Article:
Regarding tenecteplase for acute ischemic stroke, the panel noted that the most recent data incorporated into the guidelines is data from the NOR-TEST study. In this trial, TNK was not superior but was very comparable to tPA. Since this trial was not designed to be a non-inferiority trial, the panel could not say that both treatments are equal. Ultimately, TNK is included in the guidelines as a IIb recommendation because the authors of the guidelines wanted to acknowledge the results that suggested similar efficacy. As you may have read by now, EXTEND IA TNK demonstrated that TNK at a lower dose of 0.25 mg/kg was not only non-inferior to tPA, but it was superior to tPA in treatment of LVO. The panel acknowledges that this can potentially change practice, but it was not available to be included in these guidelines. They hope future revisions of the guidelines may incorporate this most recent TNK study, as well as others that are ongoing.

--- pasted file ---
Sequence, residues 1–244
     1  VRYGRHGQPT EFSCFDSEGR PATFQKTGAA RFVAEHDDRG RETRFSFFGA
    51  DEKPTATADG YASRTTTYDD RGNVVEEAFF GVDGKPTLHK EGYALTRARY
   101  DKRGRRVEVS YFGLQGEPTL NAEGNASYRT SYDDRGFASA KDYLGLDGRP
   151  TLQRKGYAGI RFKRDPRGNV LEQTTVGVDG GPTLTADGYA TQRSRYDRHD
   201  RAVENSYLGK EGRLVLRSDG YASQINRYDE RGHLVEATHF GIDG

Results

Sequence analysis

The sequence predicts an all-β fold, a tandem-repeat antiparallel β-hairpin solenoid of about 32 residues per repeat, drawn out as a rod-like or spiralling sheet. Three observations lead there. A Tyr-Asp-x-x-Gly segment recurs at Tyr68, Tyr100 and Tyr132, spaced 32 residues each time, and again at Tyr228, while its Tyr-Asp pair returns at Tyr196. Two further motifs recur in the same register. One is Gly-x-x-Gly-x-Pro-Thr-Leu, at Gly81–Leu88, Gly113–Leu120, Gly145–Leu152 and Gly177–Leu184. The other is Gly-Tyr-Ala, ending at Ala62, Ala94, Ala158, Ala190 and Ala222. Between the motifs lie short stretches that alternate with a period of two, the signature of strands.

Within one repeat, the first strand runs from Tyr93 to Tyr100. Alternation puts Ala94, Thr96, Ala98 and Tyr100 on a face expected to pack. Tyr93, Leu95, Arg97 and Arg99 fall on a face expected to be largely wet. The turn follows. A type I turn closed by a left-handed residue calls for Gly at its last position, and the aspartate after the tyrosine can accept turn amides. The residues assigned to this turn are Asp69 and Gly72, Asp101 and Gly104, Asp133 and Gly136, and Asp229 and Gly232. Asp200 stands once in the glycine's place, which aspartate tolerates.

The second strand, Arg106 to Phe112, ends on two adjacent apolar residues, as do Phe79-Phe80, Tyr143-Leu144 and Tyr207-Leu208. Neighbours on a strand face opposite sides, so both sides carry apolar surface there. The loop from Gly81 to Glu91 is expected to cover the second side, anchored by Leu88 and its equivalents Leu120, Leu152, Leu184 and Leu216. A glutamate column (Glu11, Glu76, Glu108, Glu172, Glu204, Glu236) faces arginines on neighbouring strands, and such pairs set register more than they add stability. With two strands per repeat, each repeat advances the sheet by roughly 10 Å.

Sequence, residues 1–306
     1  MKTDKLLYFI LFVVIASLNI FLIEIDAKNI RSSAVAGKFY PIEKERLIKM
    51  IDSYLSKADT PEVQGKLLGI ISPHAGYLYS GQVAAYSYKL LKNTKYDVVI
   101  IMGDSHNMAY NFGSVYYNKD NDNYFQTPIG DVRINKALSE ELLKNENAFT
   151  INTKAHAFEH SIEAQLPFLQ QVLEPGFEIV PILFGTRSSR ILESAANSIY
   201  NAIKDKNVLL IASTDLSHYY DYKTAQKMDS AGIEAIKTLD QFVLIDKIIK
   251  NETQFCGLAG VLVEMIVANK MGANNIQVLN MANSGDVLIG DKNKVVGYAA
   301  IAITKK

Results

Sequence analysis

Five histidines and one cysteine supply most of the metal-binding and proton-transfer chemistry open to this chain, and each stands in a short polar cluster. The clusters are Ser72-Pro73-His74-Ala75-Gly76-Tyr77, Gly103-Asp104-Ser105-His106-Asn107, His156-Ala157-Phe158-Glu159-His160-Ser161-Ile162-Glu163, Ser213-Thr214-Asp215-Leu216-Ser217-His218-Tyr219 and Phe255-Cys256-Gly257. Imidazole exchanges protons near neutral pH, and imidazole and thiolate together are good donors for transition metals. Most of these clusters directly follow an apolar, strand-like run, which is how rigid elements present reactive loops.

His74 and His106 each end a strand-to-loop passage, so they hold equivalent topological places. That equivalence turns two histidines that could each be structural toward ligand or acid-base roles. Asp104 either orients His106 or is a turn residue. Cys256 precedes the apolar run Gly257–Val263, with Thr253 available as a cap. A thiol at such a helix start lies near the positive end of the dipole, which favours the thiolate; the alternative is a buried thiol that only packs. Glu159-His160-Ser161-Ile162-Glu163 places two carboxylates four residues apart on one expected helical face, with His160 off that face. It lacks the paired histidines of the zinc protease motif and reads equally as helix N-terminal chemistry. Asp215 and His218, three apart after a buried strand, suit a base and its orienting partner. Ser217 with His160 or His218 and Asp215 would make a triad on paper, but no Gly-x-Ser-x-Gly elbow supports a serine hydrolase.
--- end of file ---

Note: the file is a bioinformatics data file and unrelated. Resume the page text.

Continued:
Regarding the recommendation that EMS should triage acute stroke patients to the nearest tPA-capable center rather than bypassing for nearby thrombectomy-capable stroke centers (TCSC), the panel again acknowledged that they are in conflict with various currently available guidelines and quality measures (members of the crowd mentioned Get With the Guidelines data, as well as the Mission Lifeline Guidelines, which suggest bypass to TCSC when it is within a certain pre-defined distance). The new guideline recommends that when several tPA-capable hospitals exist within a local geographical region, they should not be bypassed for a center with a higher level of care.